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Q&A: National award highlights excellence of Cronkite investigative journalism

Woman in newsroom with student

April 11, 2017

Investigative reporting is essential to an informed public: It has the power to uncover exploitation, fraud and wasteful spending.  

But even with the explosion of publishing platforms, media outlets and political experts in the internet age, watchdog journalism remains as challenging as ever.  

Recognizing its importance, the Walter Cronkite School of Journalism and Mass Communication has made the practices of records searches, detailed research and in-depth data analysis an integral part of its curriculum.

Recently, the focus paid off when a News21 investigation into voter rights resulted in recognition from Editor and Publisher magazine. “Voting Wars: Rights, Power, Privilege,” an in-depth large-scale news package, picked up an Investigative Reporters and Editors award with one judge writing, “Students matched or outpaced professional publications to show erosions in voter rights.”

The "Voting Wars" investigation brought together 31 students from 18 universities who traveled to 31 states and interviewed hundreds of individuals. They also turned out more than a dozen stories, hundreds of photos and more than 30 videos. The series was featured in more than 80 media outlets, including NBC News, USA Today and The Washington Post.

Jacquee Petchel is the executive editor of the Carnegie-Knight News21 multimedia investigative reporting initiative, a digital news program headquartered at the Walter Cronkite School of Journalism and Mass Communication on ASU’s Downtown Phoenix campus.

She is a former investigative reporter, editor and producer who most recently served as senior editor for investigations and enterprise at the Houston Chronicle, and she was inducted into the Cronkite School’s Alumni Hall of Fame in 1997.

In addition to the recent voting rights package, Petchel has led students in national investigations focusing on food safety and on post-9/11 veterans and produced the half-hour documentary “Hooked: Tracking Heroin’s Hold on Arizona,” which reached more than 1 million Arizonans and won numerous prestigious journalism awards.

She spoke to ASU Now about how Cronkite has taken a national leadership role in preparing the next generation of investigative journalists, how it has changed and evolved over the years, and the role it will play in the future.

Question: Is it misperception that investigative journalism has seen a decline or has eroded over time?

Answer: I would argue the perception in this country is that investigative journalism is as vibrant and — more importantly — as necessary as it's ever been.

I can say this unequivocally because I just judged a national investigative journalism contest based at Harvard and reviewed stories that exposed egregious betrayals of public trust and, in many cases, saved lives.

Far from withering on the vine, investigative journalism instead is evolving with innovative storytelling and multimedia presentations that are more engaging than ever.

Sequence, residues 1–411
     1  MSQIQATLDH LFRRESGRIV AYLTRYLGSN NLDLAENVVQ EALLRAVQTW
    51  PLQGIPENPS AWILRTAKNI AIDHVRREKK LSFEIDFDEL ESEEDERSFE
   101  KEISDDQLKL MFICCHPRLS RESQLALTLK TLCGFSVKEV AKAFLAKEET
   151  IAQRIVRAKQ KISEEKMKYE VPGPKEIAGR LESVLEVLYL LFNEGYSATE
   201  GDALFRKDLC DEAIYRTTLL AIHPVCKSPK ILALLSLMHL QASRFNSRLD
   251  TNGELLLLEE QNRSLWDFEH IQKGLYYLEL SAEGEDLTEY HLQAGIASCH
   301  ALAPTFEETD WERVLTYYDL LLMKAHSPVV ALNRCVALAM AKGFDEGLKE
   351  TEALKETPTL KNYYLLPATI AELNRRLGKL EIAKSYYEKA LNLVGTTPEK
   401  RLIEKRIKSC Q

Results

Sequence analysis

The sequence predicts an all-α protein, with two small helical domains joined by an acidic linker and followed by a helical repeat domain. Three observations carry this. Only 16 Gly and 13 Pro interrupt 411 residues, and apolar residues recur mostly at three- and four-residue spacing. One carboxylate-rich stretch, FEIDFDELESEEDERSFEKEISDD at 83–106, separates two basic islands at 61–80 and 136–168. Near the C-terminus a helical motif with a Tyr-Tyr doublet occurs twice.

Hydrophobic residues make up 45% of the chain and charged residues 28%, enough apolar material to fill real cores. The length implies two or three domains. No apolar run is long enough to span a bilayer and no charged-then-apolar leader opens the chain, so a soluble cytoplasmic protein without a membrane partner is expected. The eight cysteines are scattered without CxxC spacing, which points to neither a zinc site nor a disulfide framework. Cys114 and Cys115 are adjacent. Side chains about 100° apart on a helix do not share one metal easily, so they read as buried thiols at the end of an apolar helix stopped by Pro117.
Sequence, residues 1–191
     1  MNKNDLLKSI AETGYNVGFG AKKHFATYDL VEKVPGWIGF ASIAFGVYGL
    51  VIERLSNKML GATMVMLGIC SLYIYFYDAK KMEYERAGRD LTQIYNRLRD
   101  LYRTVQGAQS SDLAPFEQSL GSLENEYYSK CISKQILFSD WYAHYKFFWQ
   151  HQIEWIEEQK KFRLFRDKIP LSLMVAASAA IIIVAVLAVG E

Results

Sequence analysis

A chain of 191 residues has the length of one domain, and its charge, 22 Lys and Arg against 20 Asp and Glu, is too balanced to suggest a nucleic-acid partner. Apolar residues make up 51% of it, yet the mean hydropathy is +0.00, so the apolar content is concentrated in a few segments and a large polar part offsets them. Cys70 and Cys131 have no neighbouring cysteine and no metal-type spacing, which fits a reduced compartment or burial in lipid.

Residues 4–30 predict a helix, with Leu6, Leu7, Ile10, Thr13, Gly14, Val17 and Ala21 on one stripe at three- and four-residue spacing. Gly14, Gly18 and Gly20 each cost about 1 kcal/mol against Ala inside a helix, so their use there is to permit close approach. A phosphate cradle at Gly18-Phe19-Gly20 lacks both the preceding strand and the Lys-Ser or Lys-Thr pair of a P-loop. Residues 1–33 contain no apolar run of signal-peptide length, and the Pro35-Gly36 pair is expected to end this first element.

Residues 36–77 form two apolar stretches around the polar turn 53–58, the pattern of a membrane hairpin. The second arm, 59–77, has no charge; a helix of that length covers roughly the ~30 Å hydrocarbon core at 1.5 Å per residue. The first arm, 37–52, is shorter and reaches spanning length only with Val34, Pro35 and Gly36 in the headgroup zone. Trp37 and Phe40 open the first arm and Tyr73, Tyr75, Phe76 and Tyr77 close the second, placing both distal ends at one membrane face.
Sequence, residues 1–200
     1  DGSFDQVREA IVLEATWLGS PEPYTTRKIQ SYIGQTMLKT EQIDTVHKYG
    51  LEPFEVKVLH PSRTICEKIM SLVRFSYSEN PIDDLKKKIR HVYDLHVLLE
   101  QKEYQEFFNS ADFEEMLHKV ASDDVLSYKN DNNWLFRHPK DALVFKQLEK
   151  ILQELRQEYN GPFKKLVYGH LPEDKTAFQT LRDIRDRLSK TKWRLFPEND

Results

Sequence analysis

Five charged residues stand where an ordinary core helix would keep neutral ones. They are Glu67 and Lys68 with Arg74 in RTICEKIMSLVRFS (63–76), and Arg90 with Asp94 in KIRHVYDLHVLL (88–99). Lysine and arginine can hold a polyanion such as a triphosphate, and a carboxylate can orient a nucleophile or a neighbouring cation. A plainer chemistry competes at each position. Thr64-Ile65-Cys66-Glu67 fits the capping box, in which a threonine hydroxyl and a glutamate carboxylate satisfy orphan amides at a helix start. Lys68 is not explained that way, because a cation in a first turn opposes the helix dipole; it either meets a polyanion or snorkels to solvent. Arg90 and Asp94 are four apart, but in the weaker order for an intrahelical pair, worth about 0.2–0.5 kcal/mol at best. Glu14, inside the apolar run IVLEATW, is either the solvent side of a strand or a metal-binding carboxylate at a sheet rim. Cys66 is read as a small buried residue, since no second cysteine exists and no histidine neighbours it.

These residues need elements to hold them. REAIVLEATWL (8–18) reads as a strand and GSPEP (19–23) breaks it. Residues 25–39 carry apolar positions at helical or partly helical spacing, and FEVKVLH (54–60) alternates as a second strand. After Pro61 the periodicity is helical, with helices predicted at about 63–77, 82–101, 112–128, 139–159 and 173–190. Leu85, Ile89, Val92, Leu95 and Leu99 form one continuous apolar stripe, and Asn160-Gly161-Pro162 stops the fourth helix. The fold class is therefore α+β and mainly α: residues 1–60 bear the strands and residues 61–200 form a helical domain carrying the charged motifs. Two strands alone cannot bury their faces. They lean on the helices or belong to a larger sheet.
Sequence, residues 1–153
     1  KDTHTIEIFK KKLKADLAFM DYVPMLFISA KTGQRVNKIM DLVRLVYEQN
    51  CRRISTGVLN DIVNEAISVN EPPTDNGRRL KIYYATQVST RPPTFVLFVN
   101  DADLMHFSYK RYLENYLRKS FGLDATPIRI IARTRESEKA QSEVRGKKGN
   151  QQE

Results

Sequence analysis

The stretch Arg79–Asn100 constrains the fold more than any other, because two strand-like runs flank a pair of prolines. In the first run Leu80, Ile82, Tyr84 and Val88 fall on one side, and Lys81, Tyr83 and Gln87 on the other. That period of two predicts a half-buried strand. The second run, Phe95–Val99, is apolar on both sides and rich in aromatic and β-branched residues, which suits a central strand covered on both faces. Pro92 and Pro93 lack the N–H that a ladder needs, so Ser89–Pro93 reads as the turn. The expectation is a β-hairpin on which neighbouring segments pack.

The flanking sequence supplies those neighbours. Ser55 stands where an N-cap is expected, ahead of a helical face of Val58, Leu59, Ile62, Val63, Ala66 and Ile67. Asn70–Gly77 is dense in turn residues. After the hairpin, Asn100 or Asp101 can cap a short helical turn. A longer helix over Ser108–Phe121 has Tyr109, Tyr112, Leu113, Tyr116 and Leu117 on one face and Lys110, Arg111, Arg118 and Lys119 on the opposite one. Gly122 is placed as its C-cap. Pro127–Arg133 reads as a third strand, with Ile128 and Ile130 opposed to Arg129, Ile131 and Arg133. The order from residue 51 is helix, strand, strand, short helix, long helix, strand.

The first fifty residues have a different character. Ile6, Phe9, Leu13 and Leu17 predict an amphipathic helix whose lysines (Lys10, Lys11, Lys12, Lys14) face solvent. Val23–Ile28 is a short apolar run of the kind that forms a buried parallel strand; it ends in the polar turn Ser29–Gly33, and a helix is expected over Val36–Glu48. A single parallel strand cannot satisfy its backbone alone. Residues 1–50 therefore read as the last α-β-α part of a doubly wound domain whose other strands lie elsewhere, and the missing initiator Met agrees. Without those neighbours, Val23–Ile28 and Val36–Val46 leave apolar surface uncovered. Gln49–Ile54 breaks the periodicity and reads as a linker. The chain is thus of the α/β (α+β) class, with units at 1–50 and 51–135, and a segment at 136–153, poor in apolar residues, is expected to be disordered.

Q: You’ve led several investigative journalism packages at Cronkite. Give me some specific examples of how your packages have created change?

A: Here's a perfect example: The Cronkite-based News21 investigative reporting program, funded by the Knight Foundation and other donors committed to the very work I'm discussing here, just won a national Investigative Reporters and Editors Award for our 2016 investigation into voting rights.

It's one of the highest journalism honors in the country.

The judges noted that ASU students, as well as students from across the country who also participated in the investigation, “outpaced” professional reporters in several areas of our coverage.

Cronkite News also has been honored with the Alfred I. DuPont award, one of the highest professional broadcast awards in the country, for our "Hooked: Tracking Heroin's Hold on Arizona" documentary.

Q: How do you teach investigative journalism, which is often slower-paced, loaded with information and bigger picture, to a generation who grew up on BuzzFeed?

A: I believe that students at Cronkite are embraced by an environment that welcomes a new generation because we provide support for their ideas and innovation.

They represent a new future with their unending imagination and ability to reinvent how we continue to do important work.

We support their ideas in every way we can. That's the Cronkite mantra.

Q: Technology seems to be helpful to investigative journalism. Tell us how you use it in your packages and how it’s effective in storytelling?

A: Probably the most ever-evolving technology is the use of data analysis, which allows us to examine all manner of databases, particularly government data, and extract conclusions that hold public officials and others accountable. Add to that the importance of social media and all the analytics that go with it, you have a better-informed public and students with a sense of social responsibility.

Q: What do you see as the future of investigative journalism, or how will it continue to evolve?

A: Investigative journalism will always be what it's been for decades. Its critical evolution is dependent on reaching our audience in innovative ways while remaining true to compelling journalism.

Top photo: Jacquee Petchel, executive editor of the Carnegie-Knight News21 multimedia investigative reporting initiative, leads a group of investigative reporters on a news package inside the Cronkite School at the ASU Downtown Phoenix campus. Photo courtesy of Kaard Bombe

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